Kidnappers come in two basic varieties. Those who demand money in return for the hostage’s return with life and limb intact; and those will take the money and still retain the hostage for making future demands. The Congress ransom note to the Modi government falls in the latter category. It reads something like this: "First give us what we demand (the heads of three of your top political leaders), and then we may consider returning the hostage (the reform bills and the Indian economy’s future)."
After Sushma Swaraj's efforts to explain her stand on Lalit Modi, which the Congress dismissed today (3 August), the Congress party reiterated its stand that it will not allow parliament to function.
The Congress has made plain its basic ransom demand is the resignation of External Affairs Minister Sushma Swaraj, and two Chief Ministers - Vasundhara Raje and Shivraj Singh Chouhan. While the latter two can't be delivered by the central government, the more important point is that the Congress cannot - and will not - deliver its part of the bargain no matter what the government does to meet it halfway. Even if BJP offers Swaraj's head on a platter, Congress has promised no help in getting any of the reform legislations passed.
The main reason is this: the Congress’s main point of economic outperformance is high growth during UPA-1 and half of UPA-2, largely due to favourable external factors. It then left the economy in a mess over 2011-2014 as it refused to reform. Any reforms passed now by the NDA will allow the BJP to also show a return to growth by 2017. Which does not suit the Congress.
While its position on the land bill is well known (it will oppose, no matter what), on goods and services tax (GST) its position - though logical - is not going to make any difference to its passage. There is considerable disquiet about the bill even within the BJP’s top states (Gujarat and Maharashtra), both manufacturing states which fear a loss of revenue. Tamil Nadu is another holdout. However, the weight of pro-GST states is probably tilting towards the GST, in whatever form it is passed. Since a bad GST will only bring the NDA more heartburn over the next two years, GST is not something the Congress will lose sleep over. A badly formulated GST suits the Congress’ purposes.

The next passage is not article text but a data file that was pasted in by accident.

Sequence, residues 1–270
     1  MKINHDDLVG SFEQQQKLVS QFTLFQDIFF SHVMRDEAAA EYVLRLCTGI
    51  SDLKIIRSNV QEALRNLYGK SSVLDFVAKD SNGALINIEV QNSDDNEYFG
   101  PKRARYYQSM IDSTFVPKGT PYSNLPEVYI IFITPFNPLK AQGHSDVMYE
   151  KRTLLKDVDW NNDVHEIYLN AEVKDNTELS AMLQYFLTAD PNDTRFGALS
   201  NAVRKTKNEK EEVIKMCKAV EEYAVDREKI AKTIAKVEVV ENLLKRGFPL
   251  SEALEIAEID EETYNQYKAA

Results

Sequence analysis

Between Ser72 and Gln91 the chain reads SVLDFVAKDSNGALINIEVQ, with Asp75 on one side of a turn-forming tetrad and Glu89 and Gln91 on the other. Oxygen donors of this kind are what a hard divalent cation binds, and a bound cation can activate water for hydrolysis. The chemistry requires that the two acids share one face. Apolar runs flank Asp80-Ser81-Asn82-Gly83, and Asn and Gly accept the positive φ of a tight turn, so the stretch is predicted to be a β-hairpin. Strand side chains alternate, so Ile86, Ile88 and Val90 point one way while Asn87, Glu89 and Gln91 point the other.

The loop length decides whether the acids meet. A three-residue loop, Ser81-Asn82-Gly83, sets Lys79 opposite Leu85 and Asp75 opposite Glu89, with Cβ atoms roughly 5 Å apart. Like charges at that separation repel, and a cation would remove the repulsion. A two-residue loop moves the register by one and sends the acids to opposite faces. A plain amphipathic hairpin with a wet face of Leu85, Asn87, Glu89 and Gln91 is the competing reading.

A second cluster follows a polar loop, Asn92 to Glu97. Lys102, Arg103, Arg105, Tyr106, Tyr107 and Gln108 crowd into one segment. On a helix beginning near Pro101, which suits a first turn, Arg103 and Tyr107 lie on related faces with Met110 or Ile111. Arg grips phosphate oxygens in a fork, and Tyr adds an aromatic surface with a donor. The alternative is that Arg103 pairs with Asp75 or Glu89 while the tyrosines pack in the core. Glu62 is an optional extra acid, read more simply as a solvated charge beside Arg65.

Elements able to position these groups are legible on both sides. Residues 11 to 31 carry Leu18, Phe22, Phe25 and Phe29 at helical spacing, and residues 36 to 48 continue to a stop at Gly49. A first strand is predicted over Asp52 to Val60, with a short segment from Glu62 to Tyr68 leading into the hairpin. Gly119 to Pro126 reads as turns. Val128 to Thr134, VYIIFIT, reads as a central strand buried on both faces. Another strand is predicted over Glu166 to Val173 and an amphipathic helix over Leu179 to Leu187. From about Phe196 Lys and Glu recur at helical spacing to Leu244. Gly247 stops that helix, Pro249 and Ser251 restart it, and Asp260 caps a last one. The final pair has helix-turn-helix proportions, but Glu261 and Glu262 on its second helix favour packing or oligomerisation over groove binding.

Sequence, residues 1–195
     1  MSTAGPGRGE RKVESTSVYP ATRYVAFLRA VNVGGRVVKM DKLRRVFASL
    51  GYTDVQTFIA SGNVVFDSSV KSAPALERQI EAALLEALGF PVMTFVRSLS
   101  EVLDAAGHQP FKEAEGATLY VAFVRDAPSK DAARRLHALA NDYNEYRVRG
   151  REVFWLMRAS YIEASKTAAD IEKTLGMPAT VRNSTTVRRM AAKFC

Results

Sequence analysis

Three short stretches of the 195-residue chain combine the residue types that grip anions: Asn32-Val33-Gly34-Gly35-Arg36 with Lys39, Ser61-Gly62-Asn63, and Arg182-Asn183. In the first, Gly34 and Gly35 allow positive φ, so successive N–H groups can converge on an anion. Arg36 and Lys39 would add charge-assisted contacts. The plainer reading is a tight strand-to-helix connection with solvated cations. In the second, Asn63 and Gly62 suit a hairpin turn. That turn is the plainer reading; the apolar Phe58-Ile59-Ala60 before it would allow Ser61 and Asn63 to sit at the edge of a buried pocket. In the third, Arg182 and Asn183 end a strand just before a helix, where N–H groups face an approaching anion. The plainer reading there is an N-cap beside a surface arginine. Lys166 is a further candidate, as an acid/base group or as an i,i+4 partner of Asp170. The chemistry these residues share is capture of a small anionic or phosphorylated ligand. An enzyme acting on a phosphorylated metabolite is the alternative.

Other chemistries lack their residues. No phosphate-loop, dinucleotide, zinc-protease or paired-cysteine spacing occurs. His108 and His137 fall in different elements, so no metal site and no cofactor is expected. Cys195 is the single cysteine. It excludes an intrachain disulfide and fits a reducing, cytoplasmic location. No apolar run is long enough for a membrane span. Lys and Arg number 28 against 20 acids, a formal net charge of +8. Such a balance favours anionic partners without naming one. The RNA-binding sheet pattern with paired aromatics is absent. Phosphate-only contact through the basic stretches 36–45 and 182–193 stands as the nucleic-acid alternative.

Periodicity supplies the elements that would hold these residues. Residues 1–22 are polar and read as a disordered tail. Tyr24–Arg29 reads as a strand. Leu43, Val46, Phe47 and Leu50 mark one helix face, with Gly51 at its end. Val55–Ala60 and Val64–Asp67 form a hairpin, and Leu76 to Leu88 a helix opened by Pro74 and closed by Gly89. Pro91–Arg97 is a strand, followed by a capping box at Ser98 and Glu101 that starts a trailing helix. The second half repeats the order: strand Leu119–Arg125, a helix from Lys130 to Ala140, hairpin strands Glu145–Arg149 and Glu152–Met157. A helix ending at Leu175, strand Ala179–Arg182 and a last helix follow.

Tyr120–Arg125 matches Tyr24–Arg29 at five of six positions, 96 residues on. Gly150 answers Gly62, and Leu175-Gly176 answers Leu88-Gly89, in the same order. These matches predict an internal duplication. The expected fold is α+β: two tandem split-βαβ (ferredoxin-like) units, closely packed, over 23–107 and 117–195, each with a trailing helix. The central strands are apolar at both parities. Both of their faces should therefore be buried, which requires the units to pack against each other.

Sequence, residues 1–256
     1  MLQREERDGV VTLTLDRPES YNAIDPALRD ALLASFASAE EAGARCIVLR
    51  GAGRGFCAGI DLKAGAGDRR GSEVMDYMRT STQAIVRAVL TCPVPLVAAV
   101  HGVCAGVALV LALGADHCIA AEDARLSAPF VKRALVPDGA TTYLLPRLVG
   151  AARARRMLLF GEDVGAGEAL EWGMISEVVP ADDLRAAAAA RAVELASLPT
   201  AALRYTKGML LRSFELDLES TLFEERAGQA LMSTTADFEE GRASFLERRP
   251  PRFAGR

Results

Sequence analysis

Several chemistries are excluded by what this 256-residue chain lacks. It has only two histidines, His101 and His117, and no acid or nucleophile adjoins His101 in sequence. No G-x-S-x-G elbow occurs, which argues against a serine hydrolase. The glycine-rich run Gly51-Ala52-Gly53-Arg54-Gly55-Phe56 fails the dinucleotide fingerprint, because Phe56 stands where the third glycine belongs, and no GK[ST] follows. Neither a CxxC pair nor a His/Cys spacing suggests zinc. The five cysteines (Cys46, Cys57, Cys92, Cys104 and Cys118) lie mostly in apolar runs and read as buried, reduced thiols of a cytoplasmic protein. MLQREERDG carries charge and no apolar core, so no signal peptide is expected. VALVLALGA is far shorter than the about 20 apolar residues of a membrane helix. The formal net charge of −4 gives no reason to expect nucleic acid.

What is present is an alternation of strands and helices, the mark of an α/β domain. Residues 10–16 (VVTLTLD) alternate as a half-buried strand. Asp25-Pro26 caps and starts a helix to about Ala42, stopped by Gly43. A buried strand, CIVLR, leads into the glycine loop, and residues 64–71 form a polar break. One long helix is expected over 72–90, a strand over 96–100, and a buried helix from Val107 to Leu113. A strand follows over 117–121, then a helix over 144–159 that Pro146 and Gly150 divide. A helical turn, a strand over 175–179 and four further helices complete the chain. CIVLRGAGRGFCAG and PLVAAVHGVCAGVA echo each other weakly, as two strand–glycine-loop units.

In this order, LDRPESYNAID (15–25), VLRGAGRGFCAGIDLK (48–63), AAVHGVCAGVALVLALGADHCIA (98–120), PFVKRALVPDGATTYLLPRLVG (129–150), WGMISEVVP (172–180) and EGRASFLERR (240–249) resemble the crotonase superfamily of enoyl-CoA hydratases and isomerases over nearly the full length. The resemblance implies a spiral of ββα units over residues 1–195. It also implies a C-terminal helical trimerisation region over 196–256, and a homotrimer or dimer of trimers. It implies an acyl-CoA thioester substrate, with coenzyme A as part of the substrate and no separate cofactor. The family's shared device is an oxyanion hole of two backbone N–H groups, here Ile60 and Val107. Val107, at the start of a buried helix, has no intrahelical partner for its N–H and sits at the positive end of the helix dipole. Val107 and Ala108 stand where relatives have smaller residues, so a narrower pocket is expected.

But the Congress’ future ransom demands will come from another quarter. We are forgetting that many more reform bills are also slated for introduction in parliament - among them, the real estate bill, various labour reform bills, and the small factories bill that seeks to exempt small companies from the heavy burden of regulation. All these are vital to get jobs and growth moving in the right direction.
The chances are the Congress will do everything to scuttle these bills too. Rahul Gandhi, for example, has already accused the government of being "pro-builder" in the real estate bill. One can guarantee that the more contentious bills on labour and small factories will be similarly blocked since opposition to them is in line with the Congress party's ideological refrain of painting itself as “pro-poor” and the government as a "suit-boot-ki-sarkar."
So, even if the government offers some heads on a platter to the Congress to rescue some of its legislation from the Rajya Sabha trashcan, the Congress party will up its demands soon. There will be new ransom demands.